long, the teenage daughter of one neighbour spoke up. "Our family has taken a
vote," she said. "I've been elected to tell you that if we have any voice
in this, we would prefer you leave your lawn the colour it is."
I LOVE to work with wood and decided to carve a rocking horse
for our unborn grandchild. As parts of the horse were shaped, my intentions became
clear to my next-door neighbour. "You must be about to have a grandchild,"
he called over to me. "Our first," I replied, beaming. "I have
six," he went on. "After the first three you'll buy something plastic at a
MY FRIEND Jackie, a busy mother of five boys, frequently did
maintenance jobs on her house. One day, after hours on a ladder painting the upper
windows, she complained to her husband that she'd felt dizzy. For her next birthday
she received some scaffolding.
IT WAS our first house, and we were avid do-it-yourselfers,
full of ambitious plans. We painted and wallpapered, rebuilt rickety steps and
repeatedly mopped and patched a leaky basement. One Sunday night we fell into bed,
exhausted from a weekend of projects. When I turned out the bedside lamp, a ghostly
silver light flooded the room. "Look," I whispered. "The moon is
almost full." "Don't worry," my husband murmured into his pillow.
"We'll empty it in the morning."
MY BROTHER and sister-in-law complement each other perfectly.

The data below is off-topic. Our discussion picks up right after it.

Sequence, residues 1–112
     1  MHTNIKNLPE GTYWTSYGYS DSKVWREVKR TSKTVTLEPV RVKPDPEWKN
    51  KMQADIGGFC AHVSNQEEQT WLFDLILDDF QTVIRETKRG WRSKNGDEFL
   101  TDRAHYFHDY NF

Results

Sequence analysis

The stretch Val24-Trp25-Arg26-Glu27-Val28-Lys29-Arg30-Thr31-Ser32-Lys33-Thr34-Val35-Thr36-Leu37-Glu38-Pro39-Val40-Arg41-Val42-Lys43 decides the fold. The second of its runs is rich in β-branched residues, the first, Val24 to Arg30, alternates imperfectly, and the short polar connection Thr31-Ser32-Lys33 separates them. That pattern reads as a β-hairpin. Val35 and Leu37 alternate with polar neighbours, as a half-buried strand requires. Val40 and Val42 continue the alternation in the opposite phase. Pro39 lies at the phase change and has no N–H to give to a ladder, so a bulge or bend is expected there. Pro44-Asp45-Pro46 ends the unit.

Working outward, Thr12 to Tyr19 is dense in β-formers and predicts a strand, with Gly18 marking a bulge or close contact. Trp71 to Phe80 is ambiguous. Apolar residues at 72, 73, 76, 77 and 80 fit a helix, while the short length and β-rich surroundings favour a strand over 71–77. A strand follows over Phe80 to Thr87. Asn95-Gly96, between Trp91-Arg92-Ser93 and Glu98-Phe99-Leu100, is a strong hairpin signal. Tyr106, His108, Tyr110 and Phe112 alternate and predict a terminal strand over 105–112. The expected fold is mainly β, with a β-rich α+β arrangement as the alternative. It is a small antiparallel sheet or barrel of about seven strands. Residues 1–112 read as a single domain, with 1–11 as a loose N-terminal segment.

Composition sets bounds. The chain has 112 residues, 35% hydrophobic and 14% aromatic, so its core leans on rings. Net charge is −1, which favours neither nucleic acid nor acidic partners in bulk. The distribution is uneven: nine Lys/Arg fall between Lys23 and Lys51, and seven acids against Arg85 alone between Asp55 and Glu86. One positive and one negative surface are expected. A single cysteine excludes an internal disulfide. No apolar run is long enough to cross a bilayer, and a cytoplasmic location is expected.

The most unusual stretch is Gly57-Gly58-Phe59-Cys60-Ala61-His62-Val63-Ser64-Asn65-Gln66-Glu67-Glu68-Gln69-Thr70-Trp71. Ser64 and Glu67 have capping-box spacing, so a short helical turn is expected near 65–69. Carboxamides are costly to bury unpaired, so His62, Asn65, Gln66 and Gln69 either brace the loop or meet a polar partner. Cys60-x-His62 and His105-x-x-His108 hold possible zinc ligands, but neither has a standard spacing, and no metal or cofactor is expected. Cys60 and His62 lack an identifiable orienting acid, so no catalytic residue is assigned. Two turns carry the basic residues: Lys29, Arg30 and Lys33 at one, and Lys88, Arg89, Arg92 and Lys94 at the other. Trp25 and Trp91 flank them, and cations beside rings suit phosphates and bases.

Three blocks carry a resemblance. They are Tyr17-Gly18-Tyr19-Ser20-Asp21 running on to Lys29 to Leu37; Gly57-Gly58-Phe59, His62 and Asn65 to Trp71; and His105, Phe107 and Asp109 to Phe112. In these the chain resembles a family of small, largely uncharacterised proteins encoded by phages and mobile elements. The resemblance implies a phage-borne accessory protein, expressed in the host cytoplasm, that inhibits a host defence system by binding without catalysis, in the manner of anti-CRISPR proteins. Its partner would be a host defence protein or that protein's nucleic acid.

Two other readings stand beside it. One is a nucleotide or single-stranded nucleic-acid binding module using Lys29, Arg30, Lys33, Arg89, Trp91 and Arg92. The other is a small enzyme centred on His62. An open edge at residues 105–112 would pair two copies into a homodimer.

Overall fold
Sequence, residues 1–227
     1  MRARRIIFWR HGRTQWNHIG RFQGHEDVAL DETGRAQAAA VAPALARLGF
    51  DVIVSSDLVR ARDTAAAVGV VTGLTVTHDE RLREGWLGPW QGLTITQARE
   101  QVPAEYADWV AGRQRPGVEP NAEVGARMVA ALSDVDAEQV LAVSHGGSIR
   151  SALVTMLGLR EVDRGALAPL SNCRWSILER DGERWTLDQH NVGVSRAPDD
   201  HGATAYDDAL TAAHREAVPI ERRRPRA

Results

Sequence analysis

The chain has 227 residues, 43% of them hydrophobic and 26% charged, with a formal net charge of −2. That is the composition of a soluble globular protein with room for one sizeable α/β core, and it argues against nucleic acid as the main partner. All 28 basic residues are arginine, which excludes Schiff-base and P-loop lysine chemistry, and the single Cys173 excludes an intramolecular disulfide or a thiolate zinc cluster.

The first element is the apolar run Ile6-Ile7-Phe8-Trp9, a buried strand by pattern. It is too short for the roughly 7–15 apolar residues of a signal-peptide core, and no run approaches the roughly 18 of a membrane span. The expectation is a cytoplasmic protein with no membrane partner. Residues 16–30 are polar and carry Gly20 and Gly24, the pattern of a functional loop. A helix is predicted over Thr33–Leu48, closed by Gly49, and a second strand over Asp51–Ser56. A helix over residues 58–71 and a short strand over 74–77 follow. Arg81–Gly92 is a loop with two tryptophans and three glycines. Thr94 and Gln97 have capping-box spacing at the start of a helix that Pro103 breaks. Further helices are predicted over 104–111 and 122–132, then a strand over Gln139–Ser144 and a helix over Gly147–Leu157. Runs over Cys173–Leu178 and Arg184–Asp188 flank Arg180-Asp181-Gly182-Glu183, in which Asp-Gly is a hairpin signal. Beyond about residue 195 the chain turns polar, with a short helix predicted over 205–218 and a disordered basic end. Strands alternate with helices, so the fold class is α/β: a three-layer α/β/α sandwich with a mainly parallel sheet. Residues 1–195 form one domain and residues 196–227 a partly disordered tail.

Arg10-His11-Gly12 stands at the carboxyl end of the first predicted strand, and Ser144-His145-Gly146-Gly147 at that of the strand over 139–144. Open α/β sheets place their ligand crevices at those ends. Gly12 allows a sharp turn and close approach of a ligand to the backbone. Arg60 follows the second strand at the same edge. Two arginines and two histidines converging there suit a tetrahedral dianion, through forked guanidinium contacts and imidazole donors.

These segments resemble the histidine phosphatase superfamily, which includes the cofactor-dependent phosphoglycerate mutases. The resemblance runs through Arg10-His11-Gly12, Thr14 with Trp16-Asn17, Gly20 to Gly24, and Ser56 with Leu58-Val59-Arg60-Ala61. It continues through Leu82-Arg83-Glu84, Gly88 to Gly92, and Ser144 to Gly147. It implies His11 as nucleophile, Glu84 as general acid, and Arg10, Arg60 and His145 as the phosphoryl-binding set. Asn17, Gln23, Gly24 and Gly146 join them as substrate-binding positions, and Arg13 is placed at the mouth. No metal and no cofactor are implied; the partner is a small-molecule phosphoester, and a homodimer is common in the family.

Ernie has absolutely no mechanical ability, and everything he touches seems to fall
apart. Rita, on the other hand, is adept with hammer and paintbrush. As Rita
was taking friends through the house, showing them her latest handiwork three-year-old
Peter trailed along. "I paneled this wall," Rita pointed out.
"And I antiqued that dresser and painted that chair." The impressed guests
ooh-ed and ah-ed. Finally Peter, who had been silent until now, pointed to the
ceiling. "And my daddy," he said proudly, "put in that light
MY HUSBAND'S parents agreed to let us use their basement and
woodworking tools to build a puppet theater. Time and again my husband would have to
rush away before he cleaned up the floor around the radial-arm saw. He never heard a
complaint, but always came back to find the sawdust had been swept up. One day, he
left more than the usual mess. Upon returning he found a sign taped to the saw.
Printed in a firm hand, it read: "Whatsoever a man saweth, that shall he
WHEN we bought an older home, my husband and I decided to
redo the whole house. The neighbours soon grew accustomed to the sound of drills,
saws and hammers. Anything we couldn't do ourselves we contracted out. My
husband painted the outside cream, with a brown trim. The next natural step to
complete the outside would be eaves troughing. A local contractor drove up while we
were both at work and started installing eaves troughing that matched the brown trim.
In mid-afternoon my husband arrived home from work. From atop the ladder, the
contractor called down, "It matches pretty well, doesn't it?" "Yes,
it sure does," replied my husband, "considering I haven't ordered any eaves
troughing." The contractor was supposed to have done a job next door.
MY HANDYMAN husband came in from his workshop complaining
that he couldn't fix the wheels on his garden tractor because the bearing wouldn't come
off the shaft. A little later he went back out to tackle the problem again.
When he returned I asked how things were going. "It's all fixed," he said
brightly. "This time I attacked with a vengeance. That's the tool I
should have used in the first place."